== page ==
Nanoemulsion

The Secret behind Ameluz®(aminolevulinic acid hydrochloride) gel, 10% Ameluz

Ameluz® (aminolevulinic acid hydrochloride) gel, 10% for topical use, also known as BF-200 ALA, is a unique oil-in-water (O/W) dispersion of nano-sized (< 50 nm diameter) vesicles composed of a lipid core surrounded by an emulsifying monolayer of phospholipids. This so called nanoemulsion (BF-200) belongs to the class of microemulsions.1 They are widely used in skin care and pharmaceutical formulations due to their biophysical properties, allowing for rapid tissue penetration.2 All ingredients of the nanoemulsion used in Ameluz® are well characterized standard ingredients, which have been in use in pharmaceutical and cosmetic products for many years.3 Hydrophilic 5-aminolevulinic acid (ALA) becomes soluble in the aqueous phase of the nanoemulsion, providing chemical stability of the active ingredient ALA, presumably by allowing it to adhere to the external, hydrophilic part of the nano-vesicles’ phosphatidylcholine monolayer.1 The nanoemulsion does not contain solid nanoparticles.

Freeze-fracture electron microscopy of the nanoemulsion (A,B) displaying the evenly distributed nano-sized vesicles which are believed to fuse with the lipid components of the stratum corneum, facilitating skin penetration of ALA. A schematic view of the nano-sized (< 50 nm diameter) vesicles composed of a lipid core surrounded by a monolayer of phospholipids in an aqueous solution (C).

 

Stabilization of ALA. The nanoemulsion in Ameluz® stabilizes ALA by binding ALA to the external, hydrophilic part of the nano-vesicles’ phosphatidylcholine monolayer. A schematic view of ALA adhering to one of the nano-sized vesicles (left), including the chemical entities that aid this interaction (middle). This process can also be observed under the microscope (freeze-fracture electron microscopy, right).

Besides its stabilizing properties, the nanoemulsion also aids the delivery of ALA directly to the epidermal layers. The mechanism by which ALA is transported through the skin presumably involves the fusion of vesicles with the lipid components of the stratum corneum, giving ALA the ability to overcome this barrier and enter the skin.

Pre-clinical data of PpIX distribution 3 and 12 hours after application of Ameluz® in a porcine ex vivo skin model.1 Samples were removed at the time points indicated and assessed for the induction of PpIX. PpIX (red), basal cell layer (blue line) (A,B). The penetration depth of Ameluz® was analyzed by the fluorescence intensity of PpIX along several virtual vertical lines (C). The virtual line was drawn at various points on each of the skin sections and the maximal depth of the epidermis (border = basal membrane) was determined at the same points (grey bars; n = 7 median ± standard deviation). The black line with diamond-shaped symbols represents the maximal vertical extent of the epidermis (n = 7, median ± standard deviation).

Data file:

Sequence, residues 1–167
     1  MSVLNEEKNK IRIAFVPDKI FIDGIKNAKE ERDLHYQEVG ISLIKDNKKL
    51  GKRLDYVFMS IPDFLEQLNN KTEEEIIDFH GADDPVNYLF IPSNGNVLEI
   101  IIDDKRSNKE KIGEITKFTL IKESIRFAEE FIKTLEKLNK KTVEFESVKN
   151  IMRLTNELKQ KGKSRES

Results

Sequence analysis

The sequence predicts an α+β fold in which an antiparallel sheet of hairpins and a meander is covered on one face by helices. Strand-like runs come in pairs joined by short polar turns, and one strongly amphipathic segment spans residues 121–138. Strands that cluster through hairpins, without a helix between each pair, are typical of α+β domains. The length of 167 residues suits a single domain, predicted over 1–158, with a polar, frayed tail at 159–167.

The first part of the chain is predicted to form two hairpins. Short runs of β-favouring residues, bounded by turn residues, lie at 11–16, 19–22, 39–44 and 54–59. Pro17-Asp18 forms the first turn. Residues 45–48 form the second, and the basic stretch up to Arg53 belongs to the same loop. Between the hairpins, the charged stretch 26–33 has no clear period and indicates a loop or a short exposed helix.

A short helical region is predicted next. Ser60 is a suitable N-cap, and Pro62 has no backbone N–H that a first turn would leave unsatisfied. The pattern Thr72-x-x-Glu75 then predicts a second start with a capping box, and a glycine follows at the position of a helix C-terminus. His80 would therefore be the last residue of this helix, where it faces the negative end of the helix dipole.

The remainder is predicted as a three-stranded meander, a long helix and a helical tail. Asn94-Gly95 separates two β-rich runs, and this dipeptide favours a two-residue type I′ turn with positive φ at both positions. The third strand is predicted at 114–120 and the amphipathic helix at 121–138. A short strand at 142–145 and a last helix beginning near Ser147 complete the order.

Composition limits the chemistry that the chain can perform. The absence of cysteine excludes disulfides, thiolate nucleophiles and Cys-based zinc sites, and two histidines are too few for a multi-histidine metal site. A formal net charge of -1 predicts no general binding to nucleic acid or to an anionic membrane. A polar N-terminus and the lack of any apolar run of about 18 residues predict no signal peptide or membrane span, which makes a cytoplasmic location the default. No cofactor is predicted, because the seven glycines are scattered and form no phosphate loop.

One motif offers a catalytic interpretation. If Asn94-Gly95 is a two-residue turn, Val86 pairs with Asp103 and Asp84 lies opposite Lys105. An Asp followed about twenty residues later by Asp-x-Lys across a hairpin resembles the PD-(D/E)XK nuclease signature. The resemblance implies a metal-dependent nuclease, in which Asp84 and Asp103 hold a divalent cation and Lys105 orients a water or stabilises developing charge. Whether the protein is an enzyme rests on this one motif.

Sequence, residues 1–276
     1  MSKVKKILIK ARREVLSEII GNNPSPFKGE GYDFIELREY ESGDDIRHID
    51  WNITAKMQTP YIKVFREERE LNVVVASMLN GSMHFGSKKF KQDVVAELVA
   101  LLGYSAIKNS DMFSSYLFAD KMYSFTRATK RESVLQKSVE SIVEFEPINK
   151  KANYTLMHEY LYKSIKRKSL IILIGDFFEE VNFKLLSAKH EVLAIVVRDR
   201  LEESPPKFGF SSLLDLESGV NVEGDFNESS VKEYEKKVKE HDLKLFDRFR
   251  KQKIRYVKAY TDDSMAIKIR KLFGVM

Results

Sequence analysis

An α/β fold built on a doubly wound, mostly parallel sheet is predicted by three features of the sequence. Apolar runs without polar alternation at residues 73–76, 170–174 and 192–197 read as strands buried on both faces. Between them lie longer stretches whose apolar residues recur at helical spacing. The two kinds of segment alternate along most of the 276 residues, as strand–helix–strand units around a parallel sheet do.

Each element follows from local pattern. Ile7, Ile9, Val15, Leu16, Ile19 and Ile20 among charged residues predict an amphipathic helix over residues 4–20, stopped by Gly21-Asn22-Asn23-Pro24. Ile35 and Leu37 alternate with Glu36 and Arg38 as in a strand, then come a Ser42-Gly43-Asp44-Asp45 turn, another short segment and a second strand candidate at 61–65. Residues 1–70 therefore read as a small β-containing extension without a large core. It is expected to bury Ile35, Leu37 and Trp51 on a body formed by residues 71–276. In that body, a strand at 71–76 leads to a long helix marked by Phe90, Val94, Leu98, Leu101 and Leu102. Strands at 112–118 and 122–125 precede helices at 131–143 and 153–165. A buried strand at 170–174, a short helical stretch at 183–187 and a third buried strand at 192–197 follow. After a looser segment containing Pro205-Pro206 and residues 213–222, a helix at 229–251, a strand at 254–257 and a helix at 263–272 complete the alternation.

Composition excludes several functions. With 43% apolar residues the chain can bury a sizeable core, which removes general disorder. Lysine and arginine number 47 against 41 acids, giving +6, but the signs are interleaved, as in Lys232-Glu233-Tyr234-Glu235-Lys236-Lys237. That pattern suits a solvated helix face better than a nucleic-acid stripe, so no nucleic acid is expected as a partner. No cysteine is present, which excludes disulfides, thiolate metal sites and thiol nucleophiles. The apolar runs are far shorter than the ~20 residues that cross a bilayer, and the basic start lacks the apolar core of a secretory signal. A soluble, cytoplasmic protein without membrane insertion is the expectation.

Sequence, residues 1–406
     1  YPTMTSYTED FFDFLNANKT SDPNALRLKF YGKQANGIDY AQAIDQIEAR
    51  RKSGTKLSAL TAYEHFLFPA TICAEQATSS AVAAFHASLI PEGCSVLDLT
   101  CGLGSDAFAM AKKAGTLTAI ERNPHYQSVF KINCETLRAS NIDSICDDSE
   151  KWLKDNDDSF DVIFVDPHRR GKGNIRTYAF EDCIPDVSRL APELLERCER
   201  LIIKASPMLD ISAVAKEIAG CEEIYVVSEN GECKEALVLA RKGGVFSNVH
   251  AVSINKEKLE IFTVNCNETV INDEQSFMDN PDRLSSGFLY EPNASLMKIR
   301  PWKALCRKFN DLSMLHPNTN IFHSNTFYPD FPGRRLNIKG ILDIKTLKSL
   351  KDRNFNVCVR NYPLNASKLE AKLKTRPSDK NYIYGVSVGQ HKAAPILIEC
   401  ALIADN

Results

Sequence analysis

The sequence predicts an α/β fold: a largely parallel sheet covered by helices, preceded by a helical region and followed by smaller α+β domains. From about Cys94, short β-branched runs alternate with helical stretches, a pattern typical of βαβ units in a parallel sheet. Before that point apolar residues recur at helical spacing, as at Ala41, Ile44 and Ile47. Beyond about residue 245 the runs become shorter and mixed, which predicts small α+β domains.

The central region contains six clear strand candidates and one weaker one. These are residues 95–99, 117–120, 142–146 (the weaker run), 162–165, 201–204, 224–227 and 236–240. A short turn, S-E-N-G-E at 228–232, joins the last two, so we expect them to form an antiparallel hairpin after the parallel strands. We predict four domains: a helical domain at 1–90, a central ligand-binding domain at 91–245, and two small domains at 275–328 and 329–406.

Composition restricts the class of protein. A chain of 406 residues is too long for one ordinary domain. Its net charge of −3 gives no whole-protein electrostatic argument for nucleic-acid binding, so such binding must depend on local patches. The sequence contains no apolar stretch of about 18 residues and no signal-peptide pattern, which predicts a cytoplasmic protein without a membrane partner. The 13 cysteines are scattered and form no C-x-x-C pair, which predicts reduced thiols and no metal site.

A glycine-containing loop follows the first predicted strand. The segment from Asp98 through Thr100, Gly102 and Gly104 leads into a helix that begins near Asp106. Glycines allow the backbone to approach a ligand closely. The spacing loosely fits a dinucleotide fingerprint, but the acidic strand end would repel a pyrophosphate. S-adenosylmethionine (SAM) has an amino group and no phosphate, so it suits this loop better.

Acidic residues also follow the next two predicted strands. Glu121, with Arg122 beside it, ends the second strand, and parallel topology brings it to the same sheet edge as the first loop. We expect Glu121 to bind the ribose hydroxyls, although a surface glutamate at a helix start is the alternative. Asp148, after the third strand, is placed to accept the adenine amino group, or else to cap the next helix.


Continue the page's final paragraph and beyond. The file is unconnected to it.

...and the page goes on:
The penetration properties of Ameluz® were also demonstrated in pre-clinical experiments with an ex vivo model of human skin. Schmitz et al., 2016 have established a culturing chamber to analyze the penetration depth and PpIX induction of Ameluz® (BF-200 ALA). Samples were taken from healthy individuals during upper eyelid surgery exposed to either Ameluz® or a 20% ALA ointment (non-ionic hydrophilic cream).4

Spatial distribution of PpIX in the human epidermis. PpIX-fluorescence was quantified from microscopic pictures and plotted against the distance from the basal membrane. a–d show the spatially stratified signal intensities for BF-200 ALA (red line), 20% ALA cream (green line) and placebo gel (blue line) after 1, 3, 5 and 12 h, respectively. Data are expressed as median values of n = 8 (BF-200 ALA), n = 3 (Placebo gel) and n = 6 (20% ALA cream) independent experiments with skin material from 10 different patients. Error bars depict median absolute deviation (MAD). Data points were tested for statistical significance using Kruskal–Wallis ANOVA-on-ranks with Dunn’s post-hoc test.*p < 0.05, (BF = BF-200 ALA; Pl = Placebo). (For interpretation of the references to color in this figure legend, the reader is referred to the web version of this article.)4
1 Maisch et al., Exp. Derm 2010; 19: e302-e305 9 2 Wu et al., 2013 J Drug Target. 2013 May;21(4):321-7. 3 Ameluz® Prescribing Information 4 Schmitz et al., Photodiagnosis Photodyn Ther. 2016 Jun;14:40-6.